Figure 1. SEM observations (x 500) of one-month old biofilm of Brettanomyces bruxellensis developed on stainless steel chip on a YPD medium. The surface is covered in microcolonies containing yeast and filamentous cells (indicated by white arrow).

Seeking removal of Brettanomyces bruxellensis biofilms

Five strains of B. bruxellensis from different origins were used (Table 1) and for each strain fourteen-day-old biofilms were formed on stainless steel chips in a synthetic medium (Yeast Extract- Peptone-Dextrose (YPD) medium), commonly used for growing yeasts in research laboratories, to evaluate two different sanitation methods.

Before biofilm formation, starter cultures ensured that cells were in the same physiological state, allowing the accurate comparison of the ability of different strains to form biofilms. Indeed, growth kinetics is strain-dependent with strain BR17 being slower compared to the other strains (Table 1). On the other hand, strain GS04 was the fastest to grow. However, the ability of all investigated strains to adhere to and form a biofilm on stainless steel chips was confirmed with a starting population in the biofilm on the chip of around 10cells/cm² for all the strains after 14 days of incubation (Figure 2).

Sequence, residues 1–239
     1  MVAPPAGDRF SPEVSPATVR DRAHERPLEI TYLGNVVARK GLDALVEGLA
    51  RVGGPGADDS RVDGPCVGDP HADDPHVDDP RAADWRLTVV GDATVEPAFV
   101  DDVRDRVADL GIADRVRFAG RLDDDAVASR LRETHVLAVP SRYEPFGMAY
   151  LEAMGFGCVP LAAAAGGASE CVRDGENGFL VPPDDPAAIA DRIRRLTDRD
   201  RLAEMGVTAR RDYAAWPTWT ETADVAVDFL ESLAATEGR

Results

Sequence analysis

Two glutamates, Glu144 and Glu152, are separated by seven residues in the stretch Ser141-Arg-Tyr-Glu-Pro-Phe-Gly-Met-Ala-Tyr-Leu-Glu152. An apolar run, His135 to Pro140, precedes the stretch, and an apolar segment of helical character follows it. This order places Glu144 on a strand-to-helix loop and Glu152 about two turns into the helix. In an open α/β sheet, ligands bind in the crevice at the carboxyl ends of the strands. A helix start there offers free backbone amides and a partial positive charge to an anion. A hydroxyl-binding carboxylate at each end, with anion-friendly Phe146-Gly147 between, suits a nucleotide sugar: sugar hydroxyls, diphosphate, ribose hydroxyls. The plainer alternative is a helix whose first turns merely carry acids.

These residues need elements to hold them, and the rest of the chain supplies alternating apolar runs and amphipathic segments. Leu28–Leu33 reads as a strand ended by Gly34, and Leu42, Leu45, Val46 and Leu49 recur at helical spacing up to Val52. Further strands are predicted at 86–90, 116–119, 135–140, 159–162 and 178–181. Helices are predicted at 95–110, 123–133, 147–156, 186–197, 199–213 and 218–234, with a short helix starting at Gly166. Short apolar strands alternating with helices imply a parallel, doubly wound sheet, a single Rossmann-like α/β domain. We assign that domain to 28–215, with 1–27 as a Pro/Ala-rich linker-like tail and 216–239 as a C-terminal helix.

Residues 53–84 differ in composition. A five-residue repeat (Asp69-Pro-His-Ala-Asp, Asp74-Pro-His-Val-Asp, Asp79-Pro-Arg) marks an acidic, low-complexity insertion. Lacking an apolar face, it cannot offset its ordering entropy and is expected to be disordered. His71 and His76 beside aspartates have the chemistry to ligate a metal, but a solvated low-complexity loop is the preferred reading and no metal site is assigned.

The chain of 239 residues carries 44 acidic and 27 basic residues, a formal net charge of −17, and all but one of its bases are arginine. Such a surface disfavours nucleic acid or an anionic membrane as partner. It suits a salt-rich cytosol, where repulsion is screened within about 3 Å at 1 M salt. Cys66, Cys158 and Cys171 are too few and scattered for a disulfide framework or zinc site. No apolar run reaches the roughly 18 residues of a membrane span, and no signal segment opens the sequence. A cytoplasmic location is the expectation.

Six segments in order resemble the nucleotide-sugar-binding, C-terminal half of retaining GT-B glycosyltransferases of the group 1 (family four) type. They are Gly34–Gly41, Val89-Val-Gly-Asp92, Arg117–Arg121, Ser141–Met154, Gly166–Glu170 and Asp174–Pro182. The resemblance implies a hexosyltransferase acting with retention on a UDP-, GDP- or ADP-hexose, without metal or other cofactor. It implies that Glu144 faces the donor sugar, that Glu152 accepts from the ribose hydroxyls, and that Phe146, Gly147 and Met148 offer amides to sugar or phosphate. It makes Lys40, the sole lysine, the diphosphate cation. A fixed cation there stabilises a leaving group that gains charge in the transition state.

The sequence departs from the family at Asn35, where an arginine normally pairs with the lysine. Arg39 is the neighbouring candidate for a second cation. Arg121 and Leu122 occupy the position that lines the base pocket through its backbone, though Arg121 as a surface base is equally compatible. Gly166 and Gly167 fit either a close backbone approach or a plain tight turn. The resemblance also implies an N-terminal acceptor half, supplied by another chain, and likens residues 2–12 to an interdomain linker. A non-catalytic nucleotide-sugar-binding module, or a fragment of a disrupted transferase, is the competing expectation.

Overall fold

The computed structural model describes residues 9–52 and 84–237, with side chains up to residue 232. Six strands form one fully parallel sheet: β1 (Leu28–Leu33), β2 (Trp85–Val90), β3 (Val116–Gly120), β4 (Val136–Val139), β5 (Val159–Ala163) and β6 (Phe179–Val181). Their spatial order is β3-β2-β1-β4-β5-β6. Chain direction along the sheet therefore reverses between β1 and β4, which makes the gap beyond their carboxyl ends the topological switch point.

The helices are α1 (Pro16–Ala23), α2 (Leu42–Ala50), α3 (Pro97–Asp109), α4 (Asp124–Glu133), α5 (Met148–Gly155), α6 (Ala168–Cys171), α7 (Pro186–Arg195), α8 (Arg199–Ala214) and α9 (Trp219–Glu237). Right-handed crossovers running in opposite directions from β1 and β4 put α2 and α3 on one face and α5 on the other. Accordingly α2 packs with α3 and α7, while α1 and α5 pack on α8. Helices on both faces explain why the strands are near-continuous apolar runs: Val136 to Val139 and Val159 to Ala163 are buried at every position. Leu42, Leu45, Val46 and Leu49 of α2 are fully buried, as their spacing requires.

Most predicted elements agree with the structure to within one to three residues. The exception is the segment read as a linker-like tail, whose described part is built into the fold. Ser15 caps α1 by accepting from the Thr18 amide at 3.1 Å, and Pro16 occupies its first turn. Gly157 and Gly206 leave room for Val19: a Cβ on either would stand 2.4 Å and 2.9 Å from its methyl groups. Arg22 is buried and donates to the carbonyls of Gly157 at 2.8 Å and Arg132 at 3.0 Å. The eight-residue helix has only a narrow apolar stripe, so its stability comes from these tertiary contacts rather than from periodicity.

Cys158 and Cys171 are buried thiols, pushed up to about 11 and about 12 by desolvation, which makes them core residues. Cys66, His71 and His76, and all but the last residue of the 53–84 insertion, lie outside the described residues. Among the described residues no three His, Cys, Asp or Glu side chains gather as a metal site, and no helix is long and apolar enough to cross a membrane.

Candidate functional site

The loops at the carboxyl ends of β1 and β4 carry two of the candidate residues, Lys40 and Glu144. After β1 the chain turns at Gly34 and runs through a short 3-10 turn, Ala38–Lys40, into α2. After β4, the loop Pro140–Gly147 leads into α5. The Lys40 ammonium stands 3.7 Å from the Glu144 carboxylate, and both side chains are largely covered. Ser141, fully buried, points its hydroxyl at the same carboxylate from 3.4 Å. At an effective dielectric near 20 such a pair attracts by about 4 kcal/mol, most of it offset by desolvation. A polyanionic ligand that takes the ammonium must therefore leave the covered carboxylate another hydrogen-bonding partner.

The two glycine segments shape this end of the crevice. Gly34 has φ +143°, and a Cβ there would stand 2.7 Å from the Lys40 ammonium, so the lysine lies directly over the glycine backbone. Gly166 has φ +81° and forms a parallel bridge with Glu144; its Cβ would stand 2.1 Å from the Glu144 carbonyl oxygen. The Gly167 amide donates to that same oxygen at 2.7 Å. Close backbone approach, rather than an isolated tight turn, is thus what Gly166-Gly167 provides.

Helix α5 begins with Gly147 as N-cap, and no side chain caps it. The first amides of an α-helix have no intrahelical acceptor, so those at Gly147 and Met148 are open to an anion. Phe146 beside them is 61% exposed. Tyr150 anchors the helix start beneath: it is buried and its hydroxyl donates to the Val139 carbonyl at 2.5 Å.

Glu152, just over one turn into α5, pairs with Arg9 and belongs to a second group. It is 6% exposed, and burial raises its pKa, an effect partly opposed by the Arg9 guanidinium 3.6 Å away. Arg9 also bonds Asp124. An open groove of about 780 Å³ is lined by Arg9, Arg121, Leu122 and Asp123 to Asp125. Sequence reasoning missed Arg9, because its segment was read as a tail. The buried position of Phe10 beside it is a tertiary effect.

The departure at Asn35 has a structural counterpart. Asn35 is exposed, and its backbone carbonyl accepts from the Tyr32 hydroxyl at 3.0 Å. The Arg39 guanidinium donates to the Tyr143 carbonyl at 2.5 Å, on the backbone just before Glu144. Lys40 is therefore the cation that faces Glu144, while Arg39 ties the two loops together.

Table 1. Origins and growth parameters of B. bruxellensis strains.

Figure 2. Concentration of viable or culturable cell populations (cells/cm²) of five B. bruxellensis strains over winery method (A) and lactic acid 5 % (B) sanitation process. The term “adhered cells” corresponds to the cells bound to the surface of the chip after treatment. Different letters represent significant difference (p-values ≤ 0.05) between cell population adhered to chips. Detection limit of the technics: 706 cells/cm² (cytometer: viable; dotted line), 12 cells/cm² (plate: culturable; full line).

. The effect of the winery method